Congratulations are in order for Conan C. – this junior biomedical engineering major won 2nd place for Student Employee of the Year! Here’s what he has to say about his work as a research assistant in the Mumm Lab at the Johns Hopkins Wilmer Eye Institute:

Emily H.: How did you get started working at Hopkins?

Conan C.: I started working in the Mumm Lab in the fall of my freshman year. I was searching through the student job portal for a research job, and found this one the most interesting. I’ve also worked in the Office of Student Life and as a Student Leadership Consultant.

EH: What are your job responsibilities?

CC: I work with a post-doctoral student on a project to study neuroprotectants on rod photoreceptors, and have an independent project studying the mechanism of a rod degeneration model. We use a zebrafish model to study these cells, so I spent my first few weeks cleaning tanks, before eventually doing the cool stuff.

EH: So, what does that mean in non-science major English?

CC: I study regeneration in the eye, and test drugs to protect eye damage.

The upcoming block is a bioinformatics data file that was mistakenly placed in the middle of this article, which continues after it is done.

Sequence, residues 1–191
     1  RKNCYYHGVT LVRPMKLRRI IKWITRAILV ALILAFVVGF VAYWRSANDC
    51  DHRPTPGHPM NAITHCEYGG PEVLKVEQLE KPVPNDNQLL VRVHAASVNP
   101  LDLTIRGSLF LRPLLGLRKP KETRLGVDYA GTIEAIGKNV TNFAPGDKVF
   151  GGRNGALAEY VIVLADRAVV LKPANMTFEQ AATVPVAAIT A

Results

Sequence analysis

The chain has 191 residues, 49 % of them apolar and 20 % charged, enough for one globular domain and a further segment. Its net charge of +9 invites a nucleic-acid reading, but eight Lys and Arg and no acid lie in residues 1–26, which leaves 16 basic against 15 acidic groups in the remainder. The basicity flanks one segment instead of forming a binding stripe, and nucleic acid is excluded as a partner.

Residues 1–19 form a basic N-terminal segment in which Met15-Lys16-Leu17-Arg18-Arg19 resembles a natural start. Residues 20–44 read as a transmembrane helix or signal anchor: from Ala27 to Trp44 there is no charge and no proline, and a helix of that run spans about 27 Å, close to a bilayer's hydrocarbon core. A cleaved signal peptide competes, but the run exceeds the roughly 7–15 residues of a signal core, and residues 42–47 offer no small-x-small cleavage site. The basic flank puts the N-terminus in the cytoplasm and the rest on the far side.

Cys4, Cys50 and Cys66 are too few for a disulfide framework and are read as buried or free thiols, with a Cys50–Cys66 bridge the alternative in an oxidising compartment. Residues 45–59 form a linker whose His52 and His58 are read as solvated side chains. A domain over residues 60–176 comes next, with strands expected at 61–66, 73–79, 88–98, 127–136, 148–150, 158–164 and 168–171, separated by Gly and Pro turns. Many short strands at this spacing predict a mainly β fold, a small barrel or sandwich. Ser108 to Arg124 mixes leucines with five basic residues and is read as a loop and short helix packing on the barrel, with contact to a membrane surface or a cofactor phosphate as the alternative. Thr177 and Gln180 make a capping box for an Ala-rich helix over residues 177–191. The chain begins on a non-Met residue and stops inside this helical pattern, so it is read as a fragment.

EH: What skills have you gained from this position?

CC:  I’ve learned a lot of the basic lab skills that can be applied to any lab, but more importantly, I developed intuition on how to think scientifically and logically. 

EH: You said before that you found this research opportunity the most interesting. Why is that?

CC: Having worn glasses since I was a baby, I’ve always had a fascination for how vision works. It’s cool to learn how it works firsthand.

EH: How has this position shaped your Hopkins experience?

CC: It’s defined my experience. I am very lucky to have a great group of mentors in the lab who support me both in academics and in life. I can always go to them for advice or just to complain about my problems. It’s great to get off campus and focus on something other than academics.

EH: What advice do you have for job-seeking students?

CC: Don’t be afraid to reach out to potential employers! More often than not, they will be happy to answer your questions and be impressed by your initiative.

Thanks for the advice, Conan! If you’re looking for a cool research job like this, be sure to read these tips.

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